cbar
Full Member
Posts: 43
Joined: Fri Jun 04, 2010 1:16 pm
Location: Westchester County NY

Brussel Sprouts Question

My plants are huge, some up to 4' and looking good. I know this is a late season crop but it seems as if I'm not getting the sprouts developing the way I think they should. It seems like they begin to grow but then turn into more leaves. I've attached a couple of pix that attempt to show what I'm trying to describe. Thanks for any suggestions!
[img]https://i254.photobucket.com/albums/hh99/cbar851/2010-09-19byEye-Fi/DSC_0061.jpg[/img]
[img]https://i254.photobucket.com/albums/hh99/cbar851/2010-09-19byEye-Fi/DSC_0063.jpg[/img]
[img]https://i254.photobucket.com/albums/hh99/cbar851/2010-09-19byEye-Fi/DSC_0062.jpg[/img]
Chris

TWC015
Senior Member
Posts: 207
Joined: Sat Mar 27, 2010 12:43 pm
Location: Jefferson Co., Arkansas

I have a few questions I want to ask to determine the problem.

1. What is the variety of Brussels Sprouts? If you have Long Island Improved or Catskill, I would suspect this to be a problem. I grew these open pollinated types last year and they never made sprouts even though they grew during the winter when I have temperatures below 70°F. I grew Jade Cross hybrids last year and they did excellent compared to the open pollinated sprouts.

2. What have your daily high temperatures been like recently. Brussels Sprouts will not form nice closed sprouts if the temperatures are consistently above about 75°F.

Your plants look nice and healthy. My guess is that your are growing Long Island Improved or Catskill sprouts. The leaf shape looks more like one of those types than a hybrid.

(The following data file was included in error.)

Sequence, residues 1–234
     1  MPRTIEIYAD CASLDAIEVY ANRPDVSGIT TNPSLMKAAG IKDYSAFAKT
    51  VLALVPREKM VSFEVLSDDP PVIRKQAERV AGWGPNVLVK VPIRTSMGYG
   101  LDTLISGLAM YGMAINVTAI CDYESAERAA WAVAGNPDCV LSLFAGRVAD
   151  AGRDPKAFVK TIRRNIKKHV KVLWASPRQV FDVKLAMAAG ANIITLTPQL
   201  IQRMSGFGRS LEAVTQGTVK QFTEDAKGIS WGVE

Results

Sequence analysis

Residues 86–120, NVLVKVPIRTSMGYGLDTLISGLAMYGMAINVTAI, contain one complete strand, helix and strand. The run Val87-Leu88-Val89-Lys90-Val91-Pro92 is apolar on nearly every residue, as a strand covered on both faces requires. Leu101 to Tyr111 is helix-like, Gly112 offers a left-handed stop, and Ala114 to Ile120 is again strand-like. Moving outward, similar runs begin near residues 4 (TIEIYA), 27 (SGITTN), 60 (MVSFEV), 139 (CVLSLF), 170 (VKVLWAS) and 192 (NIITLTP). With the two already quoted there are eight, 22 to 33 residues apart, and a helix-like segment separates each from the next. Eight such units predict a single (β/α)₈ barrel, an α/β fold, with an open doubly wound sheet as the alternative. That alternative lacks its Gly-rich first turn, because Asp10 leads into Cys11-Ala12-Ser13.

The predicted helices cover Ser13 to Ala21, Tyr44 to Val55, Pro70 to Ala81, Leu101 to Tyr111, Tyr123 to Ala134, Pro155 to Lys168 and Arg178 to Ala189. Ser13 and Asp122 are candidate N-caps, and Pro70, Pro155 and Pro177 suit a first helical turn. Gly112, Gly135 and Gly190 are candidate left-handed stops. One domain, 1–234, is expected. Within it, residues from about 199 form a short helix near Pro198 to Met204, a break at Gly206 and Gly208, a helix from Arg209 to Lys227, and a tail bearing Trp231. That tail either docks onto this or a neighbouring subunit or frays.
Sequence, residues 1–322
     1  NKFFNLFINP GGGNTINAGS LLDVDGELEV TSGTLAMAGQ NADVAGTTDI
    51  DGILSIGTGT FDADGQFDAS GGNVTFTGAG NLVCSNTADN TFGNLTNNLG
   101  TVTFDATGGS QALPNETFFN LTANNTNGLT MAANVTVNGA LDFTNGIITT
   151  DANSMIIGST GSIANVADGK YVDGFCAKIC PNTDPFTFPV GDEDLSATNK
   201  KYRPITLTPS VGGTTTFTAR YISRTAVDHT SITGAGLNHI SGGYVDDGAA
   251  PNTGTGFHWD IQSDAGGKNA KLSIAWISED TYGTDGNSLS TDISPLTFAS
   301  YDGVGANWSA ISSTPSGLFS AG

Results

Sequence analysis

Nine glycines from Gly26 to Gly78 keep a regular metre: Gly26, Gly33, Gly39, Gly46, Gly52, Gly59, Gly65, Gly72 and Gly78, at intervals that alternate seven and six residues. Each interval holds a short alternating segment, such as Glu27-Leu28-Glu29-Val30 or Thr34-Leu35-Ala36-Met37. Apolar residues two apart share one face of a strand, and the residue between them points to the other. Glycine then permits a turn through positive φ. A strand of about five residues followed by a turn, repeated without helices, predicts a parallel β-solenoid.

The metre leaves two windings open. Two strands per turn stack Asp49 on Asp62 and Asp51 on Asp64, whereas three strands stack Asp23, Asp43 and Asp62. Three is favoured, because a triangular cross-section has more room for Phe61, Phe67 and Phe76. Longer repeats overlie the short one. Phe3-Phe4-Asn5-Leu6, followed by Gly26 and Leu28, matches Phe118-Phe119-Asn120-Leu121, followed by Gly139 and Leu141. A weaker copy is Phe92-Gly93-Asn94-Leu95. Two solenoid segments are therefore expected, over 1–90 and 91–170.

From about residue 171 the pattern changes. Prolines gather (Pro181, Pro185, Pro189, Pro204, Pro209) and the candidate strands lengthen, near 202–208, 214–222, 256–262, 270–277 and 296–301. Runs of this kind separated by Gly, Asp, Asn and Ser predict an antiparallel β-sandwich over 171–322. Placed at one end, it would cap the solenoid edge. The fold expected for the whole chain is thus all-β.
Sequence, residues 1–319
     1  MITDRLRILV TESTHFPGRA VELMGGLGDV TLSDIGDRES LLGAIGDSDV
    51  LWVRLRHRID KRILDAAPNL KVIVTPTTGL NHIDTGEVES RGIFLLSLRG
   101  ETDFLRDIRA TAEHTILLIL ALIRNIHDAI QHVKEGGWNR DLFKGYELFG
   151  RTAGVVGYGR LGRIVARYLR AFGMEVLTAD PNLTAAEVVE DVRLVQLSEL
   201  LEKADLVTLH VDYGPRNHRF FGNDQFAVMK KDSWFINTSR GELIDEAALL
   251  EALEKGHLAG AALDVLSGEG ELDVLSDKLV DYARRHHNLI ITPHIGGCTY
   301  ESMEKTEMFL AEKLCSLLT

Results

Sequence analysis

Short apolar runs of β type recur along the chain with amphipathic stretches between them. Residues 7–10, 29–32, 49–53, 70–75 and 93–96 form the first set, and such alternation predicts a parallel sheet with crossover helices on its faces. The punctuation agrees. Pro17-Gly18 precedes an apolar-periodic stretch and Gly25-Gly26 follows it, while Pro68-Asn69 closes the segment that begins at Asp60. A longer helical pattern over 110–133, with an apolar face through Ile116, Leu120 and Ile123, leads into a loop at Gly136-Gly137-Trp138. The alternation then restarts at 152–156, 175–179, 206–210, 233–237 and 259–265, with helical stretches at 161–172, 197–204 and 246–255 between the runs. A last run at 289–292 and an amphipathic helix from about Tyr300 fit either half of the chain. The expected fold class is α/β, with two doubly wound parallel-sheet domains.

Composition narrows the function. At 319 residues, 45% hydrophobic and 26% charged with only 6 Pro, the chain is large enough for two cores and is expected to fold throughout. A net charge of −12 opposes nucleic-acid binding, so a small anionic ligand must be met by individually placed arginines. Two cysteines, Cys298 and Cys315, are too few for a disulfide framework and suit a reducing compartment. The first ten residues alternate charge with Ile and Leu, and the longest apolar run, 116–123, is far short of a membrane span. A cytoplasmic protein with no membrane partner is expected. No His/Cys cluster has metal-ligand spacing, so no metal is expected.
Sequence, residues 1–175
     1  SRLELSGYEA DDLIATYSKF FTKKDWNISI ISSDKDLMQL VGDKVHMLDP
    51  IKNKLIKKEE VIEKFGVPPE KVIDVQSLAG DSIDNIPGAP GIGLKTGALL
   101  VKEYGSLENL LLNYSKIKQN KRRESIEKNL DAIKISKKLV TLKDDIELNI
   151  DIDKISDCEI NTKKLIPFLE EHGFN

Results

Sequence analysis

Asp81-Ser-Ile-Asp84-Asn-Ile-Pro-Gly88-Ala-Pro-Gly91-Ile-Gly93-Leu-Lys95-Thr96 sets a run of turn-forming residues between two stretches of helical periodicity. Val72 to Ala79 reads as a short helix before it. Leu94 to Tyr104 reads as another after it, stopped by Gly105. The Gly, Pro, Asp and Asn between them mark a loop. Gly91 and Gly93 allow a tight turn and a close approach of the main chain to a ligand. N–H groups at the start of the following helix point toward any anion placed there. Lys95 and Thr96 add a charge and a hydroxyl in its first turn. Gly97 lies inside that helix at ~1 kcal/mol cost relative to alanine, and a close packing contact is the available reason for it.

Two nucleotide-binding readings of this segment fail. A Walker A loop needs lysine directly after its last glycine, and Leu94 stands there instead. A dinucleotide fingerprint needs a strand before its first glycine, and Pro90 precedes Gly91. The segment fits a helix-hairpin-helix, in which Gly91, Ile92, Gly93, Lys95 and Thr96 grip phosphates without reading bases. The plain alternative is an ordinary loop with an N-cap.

cbar
Full Member
Posts: 43
Joined: Fri Jun 04, 2010 1:16 pm
Location: Westchester County NY

Thanks for the reply. Honestly I don't know what type they are, I bought them at the local nursery! I'm in suburban NY, we had a very hot and dry summer, though that has moderated quite a bit in the past couple of weeks.
Chris

TZ -OH6
Super Green Thumb
Posts: 2097
Joined: Fri Jul 25, 2008 11:27 pm
Location: Mid Ohio

I agree with the difference between Long Island Improved/Catskill and Jade Cross/hybrids. I think that I saw somplace that high soil nitrogen is also involved with loose buds. The good news is that I get the bulk of my bud growth after the first frost, but I also plant late. As long as the soil is not frozen and the air temp gets up during the day the plant keeps growing. Topping the plant and taking off some of the lower leaves may induce the buds to develop faster.

DoubleDogFarm
Super Green Thumb
Posts: 6113
Joined: Mon Mar 29, 2010 3:43 am

Chris,

Here is some information.
Making sure that the plant has plenty of nutrients can also help the plant fight producing loose leafed, poorly formed heads in warm weather. Work in fertilizer or manure into the soil you plan on planting your brussel sprouts in. You can also trim the top of the plant once it reaches 2 -3 feet tall. This will help it redirect energy back into the heads.
The rest is here.
https://www.gardeningknowhow.com/vegetable/brussel-sprouts-produce-loose-leafed-poorly-formed-heads.htm

Eric

TWC015
Senior Member
Posts: 207
Joined: Sat Mar 27, 2010 12:43 pm
Location: Jefferson Co., Arkansas

I'd expect the plants to make nice, closed sprouts once the temperatures get into the 60s for highs and the rain is more frequent.

If your plants never make good sprouts, I would be sure to buy hybrid Brussels Sprouts. I had good success with Jade Cross E hybrids.

TWC015
Senior Member
Posts: 207
Joined: Sat Mar 27, 2010 12:43 pm
Location: Jefferson Co., Arkansas

Last year, I didn't plant my Brussels sprouts until late September. They continued to grow through the winter and I got most of my sprouts in February before they flowered in March (biennial).

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